Even when Norwegians want to drive a long distance, according to the Norwegian Electric Vehicle Association, 70 percent of its 60,000 members also own a second combustion engine-powered car.  By contrast, a British owner of a Renault Zoe, responding to research by Strategy Analytics’ In-Vehicle User Experience service, said his use covers, “All trips (but) sometimes have to take alternative means… train or borrow girlfriend’s car.”  The report “UX of Pure EVs: Can Incentives Overcome Pain Points?” highlights the lack of resources of owning a second combustion engine vehicle, resulting in the embarrassment and frustration in asking another person to borrow her car.  Another point against overspending on infrastructure is that battery technology is continually improving, with energy density increasing, resulting in future models with a longer driving range and fewer trips to recharge.

Furthermore, the level of public funding is much greater in Norway, thanks to considerable oil and gas revenues.  But instead of ploughing it into a public charging infrastructure, the Norwegian government is incentivising sales of electric vehicles by removing the sales tax, the annual tax on vehicle usage and waive the cost on electric vehicle charging, parking and road tolls, as well as reduced charges on ferry crossings.  These incentives are so generous that they enable the cost for purchasing electric vehicles to come down to levels below that for combustion engine equivalents, negating the cost premium that has prevented consumers from purchasing EVs in the first place.  The oil and gas revenue from its majority state-owned Equinor energy company provides the resources for these incentives, which is not available to the UK, whose North Sea reserves are being exhausted and have now become a burden on the UK government as old oil and gas fields are being decommissioned.  However, increasing the tax burden for combustion engine vehicle ownership and purchasing can offer equilibrium with that of electric vehicles.

Where infrastructure is important is where a country has a high proportion of people living in apartments and rented homes.  In the Netherlands, 32 percent of people live in apartments.  Compared to the UK, the Netherlands has a quarter of the population (17 million), but a similar charging network with slightly more locations (7,779), but with fewer points (10,503) and annual sales of around 98,000 PHEVs and 29,000 BEVs.  47 percent of Dutch EV users charge at their workplace.  For a smaller area (41,543 square kilometres), the denser charging network is a necessity to entice apartment dwellers to use plug-in vehicles.  Switzerland, by comparison, is another small country (41,285 square kilometres, 8.4 million population), but with nearly 57 percent living in rented homes.  With just 569 stations and 3,460 points, the charging network is not supporting a consumer base that is more reliant on landlords to build home charging points.  Forcing the fitment of home charging points only on new buildings will not generate enough impact.  This subsequently leads to poor EV sales with the entire Swiss EV parc at 23,858 vehicles being less than the annual sales of BEVs in the Netherlands.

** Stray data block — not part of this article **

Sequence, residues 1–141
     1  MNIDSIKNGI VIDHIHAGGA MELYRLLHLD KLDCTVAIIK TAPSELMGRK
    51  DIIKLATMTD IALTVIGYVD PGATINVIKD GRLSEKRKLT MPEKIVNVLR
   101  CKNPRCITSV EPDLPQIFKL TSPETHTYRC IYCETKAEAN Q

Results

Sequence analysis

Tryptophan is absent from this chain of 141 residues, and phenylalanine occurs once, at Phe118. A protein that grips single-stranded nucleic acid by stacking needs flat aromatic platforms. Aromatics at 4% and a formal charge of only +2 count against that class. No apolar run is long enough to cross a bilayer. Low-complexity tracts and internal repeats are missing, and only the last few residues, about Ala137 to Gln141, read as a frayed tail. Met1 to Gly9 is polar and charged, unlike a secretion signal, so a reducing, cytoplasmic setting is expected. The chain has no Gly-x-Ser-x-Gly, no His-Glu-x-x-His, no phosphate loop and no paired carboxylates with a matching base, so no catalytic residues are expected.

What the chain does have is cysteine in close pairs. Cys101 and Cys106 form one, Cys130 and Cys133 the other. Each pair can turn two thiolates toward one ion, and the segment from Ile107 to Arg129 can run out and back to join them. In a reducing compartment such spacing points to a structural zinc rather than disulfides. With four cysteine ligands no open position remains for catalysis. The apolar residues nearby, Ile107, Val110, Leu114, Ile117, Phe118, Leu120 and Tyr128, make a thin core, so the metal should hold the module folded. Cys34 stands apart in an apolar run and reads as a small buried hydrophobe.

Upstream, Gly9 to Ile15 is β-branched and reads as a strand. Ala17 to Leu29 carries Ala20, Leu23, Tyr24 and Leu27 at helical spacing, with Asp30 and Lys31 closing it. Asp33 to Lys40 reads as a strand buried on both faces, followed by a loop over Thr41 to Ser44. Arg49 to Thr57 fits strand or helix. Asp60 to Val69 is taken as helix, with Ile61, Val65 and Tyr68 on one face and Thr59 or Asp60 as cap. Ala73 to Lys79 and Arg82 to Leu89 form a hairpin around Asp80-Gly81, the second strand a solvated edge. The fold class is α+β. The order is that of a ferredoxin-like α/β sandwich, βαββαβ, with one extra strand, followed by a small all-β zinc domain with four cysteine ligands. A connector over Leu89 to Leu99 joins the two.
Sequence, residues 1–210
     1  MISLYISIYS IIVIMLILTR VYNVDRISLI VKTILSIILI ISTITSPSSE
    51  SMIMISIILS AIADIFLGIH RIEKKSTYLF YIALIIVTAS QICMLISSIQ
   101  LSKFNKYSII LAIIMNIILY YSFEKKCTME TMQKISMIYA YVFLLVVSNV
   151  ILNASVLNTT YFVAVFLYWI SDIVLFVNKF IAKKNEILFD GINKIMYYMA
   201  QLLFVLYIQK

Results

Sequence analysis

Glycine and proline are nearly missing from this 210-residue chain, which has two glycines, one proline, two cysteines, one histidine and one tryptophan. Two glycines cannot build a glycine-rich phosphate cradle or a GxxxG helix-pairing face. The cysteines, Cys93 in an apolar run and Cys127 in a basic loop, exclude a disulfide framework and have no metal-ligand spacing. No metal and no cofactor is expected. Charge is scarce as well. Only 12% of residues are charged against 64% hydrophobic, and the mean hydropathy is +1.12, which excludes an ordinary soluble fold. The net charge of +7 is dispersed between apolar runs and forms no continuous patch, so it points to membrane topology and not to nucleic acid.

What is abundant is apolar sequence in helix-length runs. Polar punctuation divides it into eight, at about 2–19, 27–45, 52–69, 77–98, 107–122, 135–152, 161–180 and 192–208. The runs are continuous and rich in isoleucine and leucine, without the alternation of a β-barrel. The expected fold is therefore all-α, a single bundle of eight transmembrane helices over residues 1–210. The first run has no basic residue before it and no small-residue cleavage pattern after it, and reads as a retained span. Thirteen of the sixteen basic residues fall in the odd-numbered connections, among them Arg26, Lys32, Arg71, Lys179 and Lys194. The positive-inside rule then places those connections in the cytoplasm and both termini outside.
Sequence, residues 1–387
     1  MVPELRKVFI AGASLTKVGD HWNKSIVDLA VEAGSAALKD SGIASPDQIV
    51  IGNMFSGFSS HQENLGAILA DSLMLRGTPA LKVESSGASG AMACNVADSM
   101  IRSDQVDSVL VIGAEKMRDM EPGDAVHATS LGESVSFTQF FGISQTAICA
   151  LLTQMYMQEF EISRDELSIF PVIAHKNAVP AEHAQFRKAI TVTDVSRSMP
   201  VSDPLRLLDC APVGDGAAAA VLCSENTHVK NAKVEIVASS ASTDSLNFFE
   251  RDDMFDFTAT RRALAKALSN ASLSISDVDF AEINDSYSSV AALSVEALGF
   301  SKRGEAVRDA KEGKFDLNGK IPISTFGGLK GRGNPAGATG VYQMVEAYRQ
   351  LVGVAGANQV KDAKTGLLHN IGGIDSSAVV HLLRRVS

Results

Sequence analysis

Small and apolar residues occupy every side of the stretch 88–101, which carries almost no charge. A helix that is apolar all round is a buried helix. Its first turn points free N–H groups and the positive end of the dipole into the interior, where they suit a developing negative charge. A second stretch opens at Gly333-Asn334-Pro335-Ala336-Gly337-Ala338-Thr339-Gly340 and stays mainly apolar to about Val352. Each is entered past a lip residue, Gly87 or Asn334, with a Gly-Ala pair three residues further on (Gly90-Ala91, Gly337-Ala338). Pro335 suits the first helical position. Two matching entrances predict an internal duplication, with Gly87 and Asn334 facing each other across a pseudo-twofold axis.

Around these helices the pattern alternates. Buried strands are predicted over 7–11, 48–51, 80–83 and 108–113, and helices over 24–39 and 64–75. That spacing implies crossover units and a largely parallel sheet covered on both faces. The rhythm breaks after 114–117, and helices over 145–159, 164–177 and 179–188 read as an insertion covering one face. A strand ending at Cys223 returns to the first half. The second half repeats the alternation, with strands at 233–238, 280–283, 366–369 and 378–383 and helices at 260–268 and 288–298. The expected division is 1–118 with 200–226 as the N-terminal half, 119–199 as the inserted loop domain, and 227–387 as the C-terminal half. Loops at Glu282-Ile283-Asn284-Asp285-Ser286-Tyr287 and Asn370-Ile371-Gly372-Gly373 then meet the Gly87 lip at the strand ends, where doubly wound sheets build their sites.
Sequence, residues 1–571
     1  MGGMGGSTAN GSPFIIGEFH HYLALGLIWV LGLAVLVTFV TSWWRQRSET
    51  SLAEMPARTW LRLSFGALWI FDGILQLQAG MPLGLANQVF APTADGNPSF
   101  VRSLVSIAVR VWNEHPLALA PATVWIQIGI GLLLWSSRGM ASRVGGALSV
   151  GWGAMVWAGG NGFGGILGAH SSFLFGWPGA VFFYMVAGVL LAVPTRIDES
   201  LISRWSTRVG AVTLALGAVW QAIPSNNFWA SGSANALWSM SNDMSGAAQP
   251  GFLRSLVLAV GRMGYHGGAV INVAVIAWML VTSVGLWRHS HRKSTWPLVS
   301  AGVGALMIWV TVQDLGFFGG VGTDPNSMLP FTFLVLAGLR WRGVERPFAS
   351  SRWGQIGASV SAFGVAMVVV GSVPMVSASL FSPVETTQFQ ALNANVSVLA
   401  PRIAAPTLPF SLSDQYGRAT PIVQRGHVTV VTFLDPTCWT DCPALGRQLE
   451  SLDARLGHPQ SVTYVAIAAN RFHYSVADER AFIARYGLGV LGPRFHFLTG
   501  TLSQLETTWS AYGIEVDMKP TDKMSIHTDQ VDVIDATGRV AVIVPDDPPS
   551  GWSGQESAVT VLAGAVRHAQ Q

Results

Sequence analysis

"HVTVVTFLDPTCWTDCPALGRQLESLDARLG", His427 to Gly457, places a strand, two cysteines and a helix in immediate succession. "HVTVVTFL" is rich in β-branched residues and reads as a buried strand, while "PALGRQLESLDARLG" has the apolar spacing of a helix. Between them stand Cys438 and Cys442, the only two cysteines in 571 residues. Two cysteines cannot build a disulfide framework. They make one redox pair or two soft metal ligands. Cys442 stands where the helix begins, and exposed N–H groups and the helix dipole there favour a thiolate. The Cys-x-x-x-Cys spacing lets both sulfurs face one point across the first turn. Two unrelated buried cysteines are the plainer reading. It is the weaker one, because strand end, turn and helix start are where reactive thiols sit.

The Electrify America programme, tasked in expanding the US charging infrastructure, could take a look at the various European markets when targeting their resources across the pond.  Locations it has targeted include:

  • 17 metropolitan areas that cover cities and conurbations where most people live in apartments.Already there are 22 cities in the US where renters outnumber home owners.
  • Fast-charging points along high-traffic corridors in 39 states, as the average American drives longer (29 miles per journey, 2015 AAA study) than the average Brit (21 miles a day, UK Government 2013 National Travel Survey).
  • But not every cross-country highway, however, will necessarily see the traffic to justify the building of fast-charging points.Only two cross-country routes have been targeted for deployments by Electrify America, since air travel is already extensive in the US.
  • But to increase sales of electric vehicles, state incentives are still needed, at least for the near term, in order to limit the cost premium against combustion engine vehicles, which are aided further in the US by low fuel prices.

Conclusion:

  • Public charging infrastructures are dependent on the consumer requirements – they enable the adoption of electric vehicles where there is little alternative transport for long journeys and are very important for consumers renting apartments.
  • Ownership and purchasing incentives, however, are more important than infrastructure to overcome the cost premium in electric powertrains.

Kevin Mak is a Senior Analyst in the Global Automotive Practice at Strategy Analytics.  

More details about Strategy Analytics’ Powertrain, Body, Chassis and Safety service can be found here: https://www.strategyanalytics.com/access-services/automotive/powertrain-body-chassis-and-safety/about-powertrain-body-chassis-and-safety

Strategy Analytics publishes the Hybrid Technologies Legislation/Support database twice a year: https://www.strategyanalytics.com/access-services/automotive/powertrain-body-chassis-and-safety/market-data/report-detail/hybrid-technologies-legislation-support-Sep2018

Strategy Analytics has also published the report, “User Experience of Pure EVs in China.”